For example, the first question may lead to: what if we make customers feel welcome when they make first contact with your business whether it’s off-line or on-line? What if we shipped their products so quickly to them that they felt thrilled by our service? What if we sent customers a thank you note telling them how delighted we are with their purchase and that if they have any questions or problems, they can contact us immediately? And when they do, what if we received their complaints with a smile?

To use what-if questions effectively, you need to be imaginative as possible but remember that they are merely a springboard to further questions that are relevant to your business. They can provide you with valuable insights into how you could launch new products and services and improve those that you already have.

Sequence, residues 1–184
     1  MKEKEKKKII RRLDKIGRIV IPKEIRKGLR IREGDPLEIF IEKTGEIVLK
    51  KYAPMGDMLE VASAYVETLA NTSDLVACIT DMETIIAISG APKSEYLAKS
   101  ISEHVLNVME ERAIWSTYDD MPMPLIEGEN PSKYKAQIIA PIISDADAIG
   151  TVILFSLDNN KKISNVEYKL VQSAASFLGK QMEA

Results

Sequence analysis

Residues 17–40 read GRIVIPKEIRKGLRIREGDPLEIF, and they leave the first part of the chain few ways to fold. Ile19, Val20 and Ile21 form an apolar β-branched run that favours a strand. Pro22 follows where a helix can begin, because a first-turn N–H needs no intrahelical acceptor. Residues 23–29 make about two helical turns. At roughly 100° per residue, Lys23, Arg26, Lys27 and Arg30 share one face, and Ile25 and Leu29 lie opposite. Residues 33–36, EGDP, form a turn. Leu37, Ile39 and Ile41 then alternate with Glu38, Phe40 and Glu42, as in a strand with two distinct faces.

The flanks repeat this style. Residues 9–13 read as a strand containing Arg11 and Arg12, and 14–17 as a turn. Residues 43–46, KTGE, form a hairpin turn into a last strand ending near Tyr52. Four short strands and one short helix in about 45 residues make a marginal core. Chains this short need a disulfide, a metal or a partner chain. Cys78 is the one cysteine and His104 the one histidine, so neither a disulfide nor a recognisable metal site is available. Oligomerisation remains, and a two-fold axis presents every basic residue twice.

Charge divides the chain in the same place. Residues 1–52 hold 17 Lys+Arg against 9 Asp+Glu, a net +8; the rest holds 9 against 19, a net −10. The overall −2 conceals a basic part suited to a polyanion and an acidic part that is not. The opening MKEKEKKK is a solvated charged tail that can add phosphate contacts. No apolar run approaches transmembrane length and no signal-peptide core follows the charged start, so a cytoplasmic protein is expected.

Hooked yet on what-if questions?

Try out some of your own and see where your inspiration leads you.

What if you came up with a hot new business idea for a product or service?


Stay inspired.

Chesney Bradshaw


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Would you handle innovation this way?

What does it take to be successful? Is it innovation, adaptability or striving for a clear goal? Or sheer luck?

Here is a sobering statistic often touted in the success literature: If you take 100 people and follow their lives until retirement, something like only five will be successful, meaning they will retire financially secure. The rest, well you know how it is, they’ll still be struggling until the day they die.

After 60 or 70 years how many companies are still successful? How many are still around trying to survive in the modern world with new digital technology, global markets and brutal competition? Are they also the five percenters?

Two companies thirty years ago were aware of the coming digital technology in film and took steps over time to protect their businesses. One is now at death’s door, yet the other one is thriving.

The one company ramped up digital cameras and expanded its chemical side into pharmaceutical drug products without success. It was slow to change and introduce innovation. Smart phones pummeled its old film and camera making business. This company filed for bankruptcy today.